What to expect from PM’s India visit?
Against the backdrop of global instability pushing up prices of fuel and commodities, and growing economic pressures at home, Prime Minister Sheikh Hasina's upcoming visit to India at the invitation of Indian Prime Minister Narendra Modi is of special significance. In recent years, diplomatic ties between the two countries have only grown stronger, especially after the resolution of major disputes over land and maritime boundaries. This time around, energy, trade, connectivity, water-sharing and security are likely to be central topics of discussion.
Given that rising energy prices in the country is having a knock-on effect on the cost of living and creating a great deal of economic insecurity, we hope the possibilities of energy cooperation will be of central importance on this four-day visit. Since India has been buying crude oil from Russia at discounted prices, can there be any possibilities of the two countries exploring an agreement on the import of fuel oil from India to ease the current energy crisis in Bangladesh?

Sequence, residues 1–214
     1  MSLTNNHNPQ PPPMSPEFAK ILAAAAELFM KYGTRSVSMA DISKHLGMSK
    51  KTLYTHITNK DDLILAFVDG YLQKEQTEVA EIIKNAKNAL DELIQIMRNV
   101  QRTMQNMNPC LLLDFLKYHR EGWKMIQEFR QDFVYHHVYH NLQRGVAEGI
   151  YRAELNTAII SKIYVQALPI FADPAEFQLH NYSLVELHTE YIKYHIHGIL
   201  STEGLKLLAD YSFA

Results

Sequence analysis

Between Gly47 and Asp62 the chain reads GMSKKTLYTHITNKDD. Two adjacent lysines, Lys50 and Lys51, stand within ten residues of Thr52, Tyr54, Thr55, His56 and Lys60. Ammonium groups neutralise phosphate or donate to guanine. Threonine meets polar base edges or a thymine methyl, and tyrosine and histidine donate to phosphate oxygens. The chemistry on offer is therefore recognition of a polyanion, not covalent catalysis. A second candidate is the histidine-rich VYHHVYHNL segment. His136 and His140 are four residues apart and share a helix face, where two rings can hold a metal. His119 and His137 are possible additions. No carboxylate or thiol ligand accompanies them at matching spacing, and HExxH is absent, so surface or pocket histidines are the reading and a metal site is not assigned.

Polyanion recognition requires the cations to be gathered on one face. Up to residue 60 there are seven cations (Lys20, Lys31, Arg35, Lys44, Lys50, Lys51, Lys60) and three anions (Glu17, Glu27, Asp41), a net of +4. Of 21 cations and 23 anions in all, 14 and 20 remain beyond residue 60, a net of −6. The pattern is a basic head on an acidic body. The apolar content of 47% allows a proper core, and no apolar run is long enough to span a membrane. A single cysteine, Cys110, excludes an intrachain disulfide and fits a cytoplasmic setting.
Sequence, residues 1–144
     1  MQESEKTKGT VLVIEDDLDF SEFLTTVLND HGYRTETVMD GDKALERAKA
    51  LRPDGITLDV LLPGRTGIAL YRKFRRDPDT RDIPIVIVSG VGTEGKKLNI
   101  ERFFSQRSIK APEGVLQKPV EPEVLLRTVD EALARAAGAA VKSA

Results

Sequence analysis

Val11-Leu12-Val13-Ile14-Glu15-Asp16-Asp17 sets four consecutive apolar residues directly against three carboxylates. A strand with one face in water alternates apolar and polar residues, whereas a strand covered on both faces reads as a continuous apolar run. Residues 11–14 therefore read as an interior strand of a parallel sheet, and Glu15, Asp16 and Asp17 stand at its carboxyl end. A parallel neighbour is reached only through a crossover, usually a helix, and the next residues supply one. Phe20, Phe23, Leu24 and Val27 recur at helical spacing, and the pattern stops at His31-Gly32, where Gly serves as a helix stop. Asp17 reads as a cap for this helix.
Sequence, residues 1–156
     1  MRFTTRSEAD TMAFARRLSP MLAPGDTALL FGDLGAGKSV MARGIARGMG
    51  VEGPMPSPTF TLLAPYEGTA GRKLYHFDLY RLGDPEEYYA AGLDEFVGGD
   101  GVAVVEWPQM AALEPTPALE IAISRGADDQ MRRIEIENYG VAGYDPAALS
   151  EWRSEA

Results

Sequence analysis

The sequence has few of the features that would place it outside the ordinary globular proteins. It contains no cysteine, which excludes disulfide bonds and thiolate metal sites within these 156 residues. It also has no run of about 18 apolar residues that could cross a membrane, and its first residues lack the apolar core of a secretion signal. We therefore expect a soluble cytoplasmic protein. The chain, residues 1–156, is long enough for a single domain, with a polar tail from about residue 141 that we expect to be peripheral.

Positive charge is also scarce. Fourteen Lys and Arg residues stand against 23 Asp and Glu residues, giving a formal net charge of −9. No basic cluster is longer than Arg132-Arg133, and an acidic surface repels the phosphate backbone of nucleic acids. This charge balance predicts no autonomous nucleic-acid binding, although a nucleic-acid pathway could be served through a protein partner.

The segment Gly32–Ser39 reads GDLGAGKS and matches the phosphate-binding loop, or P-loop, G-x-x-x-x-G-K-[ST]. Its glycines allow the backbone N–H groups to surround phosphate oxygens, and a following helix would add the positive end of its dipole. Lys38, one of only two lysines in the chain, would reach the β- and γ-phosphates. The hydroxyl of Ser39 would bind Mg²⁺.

There are a number of crucial topics of discussion in terms of trade and connectivity that will come up during the PM's trip as well, such as ensuring an unhampered supply of foodstuff like wheat, onion, pulses and spices to Bangladesh, withdrawing the anti-dumping duty imposed on exports of jute products from Bangladesh to India since 2017, and speeding up rail, road and waterway connectivity projects. Agreements on these issues will ultimately benefit both countries, since India-Bangladesh bilateral trade was worth over USD 14 billion last year, and Bangladesh is an important part of India's Look East Policy. In this regard, any potential deal must be firmly rooted in reciprocity. Given that Bangladesh's share of export to India is worth close to USD 2 billion, any deal that improves connectivity and lowers the cost of trade needs to be fully reciprocal for us to be able to reap its benefits.
It is also promising that, after a gap of 12 years, the Joint Rivers Commission meeting held on August 25 has led to progress on water-sharing issues, and the text of the MoU on Interim Water Sharing of Kushiyara river has been finalised. While we look forward to this, and other water-sharing agreements, being signed during this trip, we cannot help but note that no such progress has been made in terms of discussions on Teesta. However, despite certain issues that are yet to be dealt with, we are hopeful that the PM will have a fruitful visit and will continue to build on the close and friendly relations between the two countries, to the benefit of both.